Stress and a busy schedule can derail the healthiest of eating regimens. You may start with great intentions, but when the unexpected happens they get pushed aside, often without a second thought. Unfortunately, you can't control what life throws at you, but properly managing your emotions, stress and time can help you stay on track even during difficult situations . (See How to Form Healthy Eating Habits.)
It's harder to get off track when you can plan exercise and meals around your work and family schedule. Set appointments in your calendar for specific times and the type of exercise you plan to do. Pack your lunch the night before, have healthy snacks at your desk and plan a couple meals out for the week ahead.
Try to come up with three things you can easily do when you are feeling stressed instead of turning to food. These could be as simple as reading a magazine, taking a five-minute walk, calling a good friend, or reading your favorite quote. Having these simple things in place will help you when you are not feeling your best. (See also The Low-Stress Diet Game Plan.)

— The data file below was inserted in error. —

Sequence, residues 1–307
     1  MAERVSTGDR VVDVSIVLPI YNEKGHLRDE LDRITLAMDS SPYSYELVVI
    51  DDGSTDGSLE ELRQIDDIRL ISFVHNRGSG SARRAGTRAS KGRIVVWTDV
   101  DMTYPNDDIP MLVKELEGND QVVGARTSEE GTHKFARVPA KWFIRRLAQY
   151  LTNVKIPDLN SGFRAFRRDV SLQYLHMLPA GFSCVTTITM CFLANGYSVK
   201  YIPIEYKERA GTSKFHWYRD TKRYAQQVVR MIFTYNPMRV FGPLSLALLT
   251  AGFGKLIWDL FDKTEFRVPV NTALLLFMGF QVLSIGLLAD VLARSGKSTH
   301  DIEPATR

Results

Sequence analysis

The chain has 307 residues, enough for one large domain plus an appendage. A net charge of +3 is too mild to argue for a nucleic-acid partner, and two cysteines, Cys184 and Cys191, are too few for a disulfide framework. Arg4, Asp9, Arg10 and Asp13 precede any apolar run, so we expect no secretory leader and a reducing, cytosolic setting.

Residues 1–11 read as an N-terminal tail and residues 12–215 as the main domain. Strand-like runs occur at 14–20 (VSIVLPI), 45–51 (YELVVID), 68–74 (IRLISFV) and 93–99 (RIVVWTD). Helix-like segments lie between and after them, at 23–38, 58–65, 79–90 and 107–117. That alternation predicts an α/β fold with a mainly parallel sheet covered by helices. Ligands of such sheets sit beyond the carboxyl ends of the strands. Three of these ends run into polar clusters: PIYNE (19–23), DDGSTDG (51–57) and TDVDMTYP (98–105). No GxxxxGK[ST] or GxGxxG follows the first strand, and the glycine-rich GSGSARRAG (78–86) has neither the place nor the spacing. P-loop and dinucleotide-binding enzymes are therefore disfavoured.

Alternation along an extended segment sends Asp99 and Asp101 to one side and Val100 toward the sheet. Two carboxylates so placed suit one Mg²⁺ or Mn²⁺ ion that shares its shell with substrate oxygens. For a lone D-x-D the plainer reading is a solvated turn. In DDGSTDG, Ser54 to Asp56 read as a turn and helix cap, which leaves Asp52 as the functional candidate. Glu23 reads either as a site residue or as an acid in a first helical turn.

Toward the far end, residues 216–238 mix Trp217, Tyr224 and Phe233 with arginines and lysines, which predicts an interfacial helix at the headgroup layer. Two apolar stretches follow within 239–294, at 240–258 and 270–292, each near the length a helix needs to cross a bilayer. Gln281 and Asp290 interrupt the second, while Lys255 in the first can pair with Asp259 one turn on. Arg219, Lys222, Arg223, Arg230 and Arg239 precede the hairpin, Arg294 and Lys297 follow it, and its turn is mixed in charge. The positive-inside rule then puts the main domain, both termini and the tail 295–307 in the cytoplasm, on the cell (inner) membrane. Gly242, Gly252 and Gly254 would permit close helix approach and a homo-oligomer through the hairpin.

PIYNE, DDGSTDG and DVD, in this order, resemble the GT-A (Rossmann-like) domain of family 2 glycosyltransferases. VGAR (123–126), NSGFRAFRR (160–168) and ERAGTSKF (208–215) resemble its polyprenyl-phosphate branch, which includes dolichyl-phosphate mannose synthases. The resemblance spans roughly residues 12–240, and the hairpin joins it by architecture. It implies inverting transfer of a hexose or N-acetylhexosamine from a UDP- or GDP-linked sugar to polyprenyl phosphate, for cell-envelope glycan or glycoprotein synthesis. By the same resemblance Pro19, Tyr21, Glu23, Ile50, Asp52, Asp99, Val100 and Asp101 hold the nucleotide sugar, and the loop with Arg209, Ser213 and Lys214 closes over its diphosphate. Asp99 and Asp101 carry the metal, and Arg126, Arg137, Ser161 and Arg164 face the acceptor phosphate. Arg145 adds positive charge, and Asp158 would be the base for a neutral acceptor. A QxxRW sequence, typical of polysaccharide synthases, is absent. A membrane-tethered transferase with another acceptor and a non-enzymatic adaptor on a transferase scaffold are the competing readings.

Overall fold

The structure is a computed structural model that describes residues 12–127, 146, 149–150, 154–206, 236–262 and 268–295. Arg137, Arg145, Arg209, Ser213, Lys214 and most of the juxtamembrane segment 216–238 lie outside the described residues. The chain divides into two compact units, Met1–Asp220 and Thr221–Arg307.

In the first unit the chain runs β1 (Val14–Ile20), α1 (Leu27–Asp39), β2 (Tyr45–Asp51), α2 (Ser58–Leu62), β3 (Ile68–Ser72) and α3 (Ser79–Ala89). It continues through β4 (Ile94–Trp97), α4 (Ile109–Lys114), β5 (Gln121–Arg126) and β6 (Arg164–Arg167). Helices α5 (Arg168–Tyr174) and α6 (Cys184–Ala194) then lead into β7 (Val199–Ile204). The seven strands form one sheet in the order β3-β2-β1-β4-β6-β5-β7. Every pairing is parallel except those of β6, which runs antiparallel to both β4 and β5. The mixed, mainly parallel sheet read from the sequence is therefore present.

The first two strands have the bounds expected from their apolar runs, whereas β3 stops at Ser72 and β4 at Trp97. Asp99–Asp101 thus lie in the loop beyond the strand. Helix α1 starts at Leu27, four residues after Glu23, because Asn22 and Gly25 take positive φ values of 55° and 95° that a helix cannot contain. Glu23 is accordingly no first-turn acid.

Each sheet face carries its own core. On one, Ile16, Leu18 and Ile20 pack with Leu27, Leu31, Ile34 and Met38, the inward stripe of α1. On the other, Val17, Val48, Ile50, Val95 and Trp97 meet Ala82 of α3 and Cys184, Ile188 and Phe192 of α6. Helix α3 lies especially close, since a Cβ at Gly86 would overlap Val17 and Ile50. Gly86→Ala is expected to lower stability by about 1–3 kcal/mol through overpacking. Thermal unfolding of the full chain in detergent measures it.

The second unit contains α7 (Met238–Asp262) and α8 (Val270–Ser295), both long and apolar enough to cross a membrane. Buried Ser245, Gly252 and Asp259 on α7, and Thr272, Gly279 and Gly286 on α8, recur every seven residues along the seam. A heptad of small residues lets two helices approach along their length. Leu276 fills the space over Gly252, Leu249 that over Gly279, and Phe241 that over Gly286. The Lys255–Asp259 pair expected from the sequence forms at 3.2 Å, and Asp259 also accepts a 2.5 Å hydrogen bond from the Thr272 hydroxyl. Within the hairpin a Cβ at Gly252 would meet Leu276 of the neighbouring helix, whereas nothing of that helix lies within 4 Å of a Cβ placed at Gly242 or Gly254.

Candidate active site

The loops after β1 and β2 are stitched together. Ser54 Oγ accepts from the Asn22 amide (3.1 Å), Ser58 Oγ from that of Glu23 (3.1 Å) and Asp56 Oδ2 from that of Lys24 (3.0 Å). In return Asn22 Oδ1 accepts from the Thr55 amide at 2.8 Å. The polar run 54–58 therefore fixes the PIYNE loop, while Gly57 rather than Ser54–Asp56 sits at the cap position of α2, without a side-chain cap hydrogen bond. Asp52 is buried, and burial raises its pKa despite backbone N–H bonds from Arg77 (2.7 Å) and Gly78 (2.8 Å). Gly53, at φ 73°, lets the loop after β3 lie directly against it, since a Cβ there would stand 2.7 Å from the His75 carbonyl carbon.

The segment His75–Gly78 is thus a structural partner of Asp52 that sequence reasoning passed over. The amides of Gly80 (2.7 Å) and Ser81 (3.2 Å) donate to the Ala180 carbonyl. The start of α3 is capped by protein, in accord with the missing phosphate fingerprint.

It's more than okay to have a small snack when you're hungry. The idea is to know whether you are truly hungry or if you are feeling hungry from stress. An easy way to determine this is to rate your hunger on a scale of 1 to 10, with 1 being so hungry your stomach is growling and 10 being uncomfortably full. When you feel the hunger pang, take a minute to rate your hunger and be an intuitive eater. This can help you move forward. Another good question to ask yourself is: "Would carrots satisfy my hunger?" If the answer is yes, you're probably pretty hungry; if not you may just want something sweet.
Sometimes ignoring a craving can cause you to overeat because you won't feel satisfied. Instead, try to incorporate the craving in a healthy way: mix a small handful of dark chocolate chips with some almonds, use chocolate protein powder to make a healthy smoothie, or roast some chickpeas with olive oil and salt to satisfy the salty, crunchy cravings.